This 10 December 2018 video says about itself:
Italy’s Fascist Resurgence (Subtitled)
Fascism is on the rise in Italy and is attracting people of all ages. Forza Nuova is the most radical right-wing movement and is rapidly gaining ground, sowing the seeds of intolerance and violence.
In the hills of Italy is a summer camp for kids. The theme? Fascism. 21-year-old Forza Nuova member Giorgia Pagiliuca helps out at the camp. “A lot must change”, she says. “Our country doesn’t help anyone unless they’re immigrants.”
The immigration crisis coupled with the financial crash led to the election of a nationalist government. “There’s a need for a clean-up”, states Interior Minister Matteo Salvini. “Heavy-handedly, if necessary.”
Helping immigrants has become a dangerous business. Don Massimo Biancalani converted his convent to house 100 migrants, but after a seemingly innocuous photo went viral, he has come under fire. “When Salvini posted the picture on his page, and wrote that I am an anti-Italian priest, thousands and thousands of insults ensued in the following days. Even death threats.”
Not far away lies the town of Predappio, Mussolini’s birthplace and burial site, now a place of pilgrimage for tens of thousands of fascists. “[They] feel it was better when Mussolini was around”, says Mayor Giorgio Frasinetti. With violence against migrants on the rise, many are deeply concerned for Italy’s future.
In the Netherlands, there is the FvD party, led by Thierry Baudet. Baudet went to France especially to hear anti-Semite politician Jean-Marie Le Pen. In Amsterdam, he had a long talk with United States neonazi Jared Taylor. Recently, he went to Spain for a rally of the Spanish Franco dictatorship-loving Vox fascists.
By Harm Zonderland in the Netherlands:
Far-right party wins most votes in Dutch provincial elections
30 March 2019
On March 20, provincial councils were elected in all of the 12 provinces of the Netherlands. The most significant outcome of the election was the entrance into the Senate of the Forum for Democracy (FvD), led by Thierry Baudet. The far-right, near-fascist party won 12 out of 75 seats.
It is still uncertain how many seats in the Senate each party will get. The prognosis of 12 seats is based on expecting that all provincial assembly members will vote for their own parties. But that does not always happens in the Netherlands.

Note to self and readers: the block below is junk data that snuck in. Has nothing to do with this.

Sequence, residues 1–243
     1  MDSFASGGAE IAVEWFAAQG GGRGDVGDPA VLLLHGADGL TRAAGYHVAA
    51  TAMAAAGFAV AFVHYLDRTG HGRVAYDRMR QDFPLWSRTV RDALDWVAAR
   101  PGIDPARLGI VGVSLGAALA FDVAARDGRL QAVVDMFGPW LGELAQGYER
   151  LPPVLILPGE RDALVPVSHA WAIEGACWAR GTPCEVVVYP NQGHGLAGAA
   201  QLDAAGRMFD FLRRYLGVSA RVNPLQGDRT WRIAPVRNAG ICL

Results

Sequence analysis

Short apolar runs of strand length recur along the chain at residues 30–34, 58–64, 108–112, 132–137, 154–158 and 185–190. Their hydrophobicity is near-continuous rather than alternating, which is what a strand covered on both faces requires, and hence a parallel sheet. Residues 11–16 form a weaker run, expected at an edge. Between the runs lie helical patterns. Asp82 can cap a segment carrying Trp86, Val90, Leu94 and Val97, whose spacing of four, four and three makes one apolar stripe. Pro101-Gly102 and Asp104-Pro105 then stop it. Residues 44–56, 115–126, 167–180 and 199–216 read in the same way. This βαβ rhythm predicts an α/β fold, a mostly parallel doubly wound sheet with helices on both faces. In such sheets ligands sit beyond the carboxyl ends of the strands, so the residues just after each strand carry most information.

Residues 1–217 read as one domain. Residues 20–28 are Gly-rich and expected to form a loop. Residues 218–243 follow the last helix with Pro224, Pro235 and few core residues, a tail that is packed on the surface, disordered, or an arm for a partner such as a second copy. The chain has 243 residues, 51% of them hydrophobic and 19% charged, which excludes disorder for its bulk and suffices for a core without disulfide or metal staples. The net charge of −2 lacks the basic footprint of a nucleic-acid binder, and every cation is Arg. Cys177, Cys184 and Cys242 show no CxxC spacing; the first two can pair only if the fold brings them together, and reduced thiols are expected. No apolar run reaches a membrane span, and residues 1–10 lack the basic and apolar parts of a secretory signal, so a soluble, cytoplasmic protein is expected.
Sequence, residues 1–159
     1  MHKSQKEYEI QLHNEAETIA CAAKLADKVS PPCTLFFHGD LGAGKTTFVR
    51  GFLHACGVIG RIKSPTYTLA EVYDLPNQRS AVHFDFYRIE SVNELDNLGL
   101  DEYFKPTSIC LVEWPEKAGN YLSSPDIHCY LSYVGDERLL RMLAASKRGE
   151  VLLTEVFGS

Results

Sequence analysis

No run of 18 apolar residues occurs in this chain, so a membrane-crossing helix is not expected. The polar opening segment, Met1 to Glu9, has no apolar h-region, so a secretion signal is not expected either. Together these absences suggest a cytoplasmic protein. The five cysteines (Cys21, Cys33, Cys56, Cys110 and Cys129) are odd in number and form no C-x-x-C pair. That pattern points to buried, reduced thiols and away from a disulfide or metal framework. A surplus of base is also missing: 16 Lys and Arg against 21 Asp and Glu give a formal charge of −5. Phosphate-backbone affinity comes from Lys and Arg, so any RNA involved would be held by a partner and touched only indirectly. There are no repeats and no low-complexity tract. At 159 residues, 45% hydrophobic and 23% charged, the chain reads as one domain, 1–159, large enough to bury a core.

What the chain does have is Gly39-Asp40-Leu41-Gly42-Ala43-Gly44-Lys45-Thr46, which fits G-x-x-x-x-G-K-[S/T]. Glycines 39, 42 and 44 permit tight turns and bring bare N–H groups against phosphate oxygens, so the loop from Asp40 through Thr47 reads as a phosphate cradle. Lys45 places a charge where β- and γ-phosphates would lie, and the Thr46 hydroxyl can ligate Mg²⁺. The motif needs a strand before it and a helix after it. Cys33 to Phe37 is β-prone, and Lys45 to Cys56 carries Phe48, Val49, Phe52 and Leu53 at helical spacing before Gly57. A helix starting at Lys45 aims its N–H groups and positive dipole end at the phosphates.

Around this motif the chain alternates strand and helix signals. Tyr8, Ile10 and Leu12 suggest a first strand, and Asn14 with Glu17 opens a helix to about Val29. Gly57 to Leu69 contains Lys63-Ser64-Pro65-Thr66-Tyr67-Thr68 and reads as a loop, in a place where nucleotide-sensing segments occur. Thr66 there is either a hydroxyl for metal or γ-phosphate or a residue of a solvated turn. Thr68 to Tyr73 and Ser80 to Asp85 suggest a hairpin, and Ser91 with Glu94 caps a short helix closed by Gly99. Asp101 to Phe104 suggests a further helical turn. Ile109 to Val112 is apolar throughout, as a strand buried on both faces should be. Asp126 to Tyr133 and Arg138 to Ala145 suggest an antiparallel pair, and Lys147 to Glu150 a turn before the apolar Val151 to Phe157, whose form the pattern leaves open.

The FvD was elected into the House of Representatives for the first time in 2017, when it won two out of 150 seats. In a statement made after the provincial elections Baudet issued a message to prime minister Mark Rutte: “You can no longer ignore the FvD.”
It was the first time that the FvD was running in the provincial elections, and it was among the top three parties in all the provinces. It is the strongest party in Noord-Holland and Zuid-Holland, where the capital Amsterdam, the harbor of Rotterdam and the political center in The Hague are situated.
The FvD’s political agenda includes a call for closing the borders. It has been able to capitalize on the xenophobia stoked up by the rightwing-liberal VVD of prime minister Rutte and the far-right Freedom Party (PVV) of Geert Wilders.
Dutch daily De Volkskrant, 29 March 2019, has an article on the FvD’s ideas. They want to ban founding new mosques and Islamic schools.
On the same nationalistic grounds, the FvD proposes to leave the European Union. Furthermore, FvD’s leader Thierry Baudet is a so-called “climate change denier”. He was able to gain some working-class support by criticizing government spending on renewable energy rather than on healthcare.
Working-class FvD supporters hurt themselves. In parliament, as the Volkskrant article points out, FvD votes against less expensive rent for housing low-income people. They also vote to make it easier for bosses to sack workers and expand zero-hours contracts. They vote for privatizing healthcare.